Episcopal Church Primate pledges to stay in the Anglican Communion
The US Episcopal Church will continue to "walk" with the 37 other provinces of the Anglican Communion in spite of being sanctioned by their fellow Primates for consecrating gay bishops and approving gay marriage.
However, for the conservatives, the penalties invoked against the US Church do not go far enough.
The Episcopal Church faces three years of penalties. The Primates Meeting in Canterbury agreed this week that for the next three years its bishops will "no longer represent us on ecumenical and interfaith bodies, should not be appointed or elected to an internal standing committee and that while participating in the internal bodies of the Anglican Communion, they will not take part in decision making on any issues pertaining to doctrine or polity."
The Episcopal Church primate Presiding Bishop Michael Curry said the sanctions will be "painful" for many in his Church, the most liberal on gay rights in the worldwide Anglican Communion.
"Many of us have committed ourselves and our church to being 'a house of prayer for all people,' as the Bible says, when all are truly welcome," he said.
"Our commitment to be an inclusive church is not based on a social theory or capitulation to the ways of the culture, but on our belief that the outstretched arms of Jesus on the cross are a sign of the very love of God reaching out to us all. While I understand that many disagree with us, our decision regarding marriage is based on the belief that the words of the Apostle Paul to the Galatians are true for the church today: All who have been baptised into Christ have put on Christ. There is no longer Jew or Gentile, slave or free, male or female, for all are one in Christ.
"For so many who are committed to following Jesus in the way of love and being a church that lives that love, this decision will bring real pain," he said. "For fellow disciples of Jesus in our church who are gay or lesbian, this will bring more pain. For many who have felt and been rejected by the church because of who they are, for many who have felt and been rejected by families and communities, our church opening itself in love was a sign of hope. And this will add pain on top of pain."
He added: "I stand before you as your brother. I stand before you as a descendant of African slaves, stolen from their native land, enslaved in a bitter bondage, and then even after emancipation, segregated and excluded in church and society. And this conjures that up again, and brings pain.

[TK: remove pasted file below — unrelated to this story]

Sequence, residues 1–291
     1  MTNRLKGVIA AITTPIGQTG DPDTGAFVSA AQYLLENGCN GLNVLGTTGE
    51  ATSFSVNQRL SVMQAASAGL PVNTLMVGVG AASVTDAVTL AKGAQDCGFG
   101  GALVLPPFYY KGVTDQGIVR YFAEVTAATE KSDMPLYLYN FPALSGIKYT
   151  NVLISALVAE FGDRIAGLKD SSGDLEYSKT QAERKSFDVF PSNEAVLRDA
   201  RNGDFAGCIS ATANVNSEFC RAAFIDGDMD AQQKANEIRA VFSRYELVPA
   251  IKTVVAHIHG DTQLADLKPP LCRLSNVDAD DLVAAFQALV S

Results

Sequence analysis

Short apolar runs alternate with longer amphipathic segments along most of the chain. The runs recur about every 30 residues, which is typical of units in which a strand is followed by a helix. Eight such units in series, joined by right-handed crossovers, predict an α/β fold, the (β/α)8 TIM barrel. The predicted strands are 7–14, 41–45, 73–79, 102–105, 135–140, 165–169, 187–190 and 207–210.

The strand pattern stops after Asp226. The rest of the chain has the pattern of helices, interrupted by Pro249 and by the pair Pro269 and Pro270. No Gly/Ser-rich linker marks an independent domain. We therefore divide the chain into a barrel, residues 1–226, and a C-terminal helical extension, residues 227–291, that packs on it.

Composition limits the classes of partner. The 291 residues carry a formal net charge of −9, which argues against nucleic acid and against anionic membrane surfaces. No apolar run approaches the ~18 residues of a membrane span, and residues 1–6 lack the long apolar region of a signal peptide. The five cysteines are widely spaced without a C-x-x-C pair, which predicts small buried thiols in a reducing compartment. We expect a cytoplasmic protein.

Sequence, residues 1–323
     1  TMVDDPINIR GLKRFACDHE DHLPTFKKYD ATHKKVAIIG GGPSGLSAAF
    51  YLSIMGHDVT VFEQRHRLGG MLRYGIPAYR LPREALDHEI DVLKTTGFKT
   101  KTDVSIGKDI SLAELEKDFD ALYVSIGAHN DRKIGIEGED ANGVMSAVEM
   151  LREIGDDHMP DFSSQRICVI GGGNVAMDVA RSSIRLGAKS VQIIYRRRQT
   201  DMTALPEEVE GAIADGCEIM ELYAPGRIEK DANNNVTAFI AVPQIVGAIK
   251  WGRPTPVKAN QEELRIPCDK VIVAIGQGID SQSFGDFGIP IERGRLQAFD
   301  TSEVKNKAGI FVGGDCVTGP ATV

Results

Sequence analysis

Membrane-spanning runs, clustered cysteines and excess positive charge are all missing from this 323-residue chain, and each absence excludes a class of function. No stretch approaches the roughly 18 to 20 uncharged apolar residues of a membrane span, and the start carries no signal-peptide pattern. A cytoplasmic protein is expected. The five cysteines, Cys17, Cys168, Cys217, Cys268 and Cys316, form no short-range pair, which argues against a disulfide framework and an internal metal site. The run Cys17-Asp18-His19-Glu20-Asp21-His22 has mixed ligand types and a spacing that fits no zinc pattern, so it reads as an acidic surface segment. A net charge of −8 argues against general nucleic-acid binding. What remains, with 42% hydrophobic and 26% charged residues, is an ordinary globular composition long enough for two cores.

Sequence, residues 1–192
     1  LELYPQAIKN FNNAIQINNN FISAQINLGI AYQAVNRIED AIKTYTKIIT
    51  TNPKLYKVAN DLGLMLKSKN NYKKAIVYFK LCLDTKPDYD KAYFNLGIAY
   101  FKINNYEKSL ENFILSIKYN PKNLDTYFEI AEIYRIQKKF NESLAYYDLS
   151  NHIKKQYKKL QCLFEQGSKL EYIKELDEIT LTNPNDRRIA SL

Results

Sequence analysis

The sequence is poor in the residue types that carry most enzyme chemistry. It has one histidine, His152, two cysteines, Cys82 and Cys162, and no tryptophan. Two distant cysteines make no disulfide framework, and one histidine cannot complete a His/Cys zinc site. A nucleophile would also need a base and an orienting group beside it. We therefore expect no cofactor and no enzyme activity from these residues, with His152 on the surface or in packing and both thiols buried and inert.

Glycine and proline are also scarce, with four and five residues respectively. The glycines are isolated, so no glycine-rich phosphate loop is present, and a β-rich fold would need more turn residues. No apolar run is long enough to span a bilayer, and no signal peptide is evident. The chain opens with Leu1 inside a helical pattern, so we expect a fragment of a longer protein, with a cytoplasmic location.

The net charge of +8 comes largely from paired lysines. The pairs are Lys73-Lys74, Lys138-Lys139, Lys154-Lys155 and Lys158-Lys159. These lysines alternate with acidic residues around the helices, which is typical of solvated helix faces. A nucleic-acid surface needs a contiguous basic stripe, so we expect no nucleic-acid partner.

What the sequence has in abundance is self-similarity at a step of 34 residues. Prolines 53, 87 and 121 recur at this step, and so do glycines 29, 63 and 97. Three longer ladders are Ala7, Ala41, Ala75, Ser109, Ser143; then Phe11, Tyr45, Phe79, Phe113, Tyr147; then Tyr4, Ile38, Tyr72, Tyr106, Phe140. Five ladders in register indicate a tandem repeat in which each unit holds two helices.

"The pain for many will be real. But God is greater than anything. I love Jesus and I love the church. I am a Christian in the Anglican way. And like you, as we have said in this meeting, I am committed to 'walking together' with you as fellow primates in the Anglican family."
The Gafcon group, which represents the most orthodox of the Global South and conservative Anglican bishops, welcomed the sanctions but regretted there was not a stronger call for repentance and that Canada, another liberal province, had also not been punished.
Gafcon said: "We are pleased that Archbishop Foley Beach of the Anglican Church in North America has played a full part in the Canterbury meeting of Primates and that sanctions have been applied to the Episcopal Church of the United States, recognising the need for mutual accountability on matters of doctrine within the family of the Communion. However, this action must not be seen as an end, but as a beginning. There is much that causes us concern, especially the failure to recognise the fact that the Anglican Church of Canada (ACoC) has also rejected the collegial mind of the Communion by unilaterally permitting the blessing of same-sex unions and the ordination of those in active homosexual relationships. We fear that other provinces will do the same.
"Since the beginning of the crisis in the Communion brought about by the actions of both TEC and the ACoC, the Anglican instruments of unity have been unable to guard biblical truth and restore godly order. There must therefore be doubt about the effectiveness of the sanctions that have been agreed.
"In particular, it must be recognised that the continuing brokenness of the Communion is not the result simply of failed relationships, but is caused by the persistent rejection of biblical and apostolic faith as set out in Lambeth Resolution 1.10. We are therefore disappointed that the Primates' statement makes no reference to the need for repentance."
The Anglican Consultative Council, the executive body of the Anglican Communion, is financed by contributions from the 38 provinces. Of those, latest figures show the two provinces where in secular law gay marriage is legal gave the most. The Church of England topped the list of donors at £492,900 and The Episcopal Church was second at £216,540.
The Archbishop of Canterbury Justin Welby will give his response to the Primates Meeting in Canterbury this afternoon.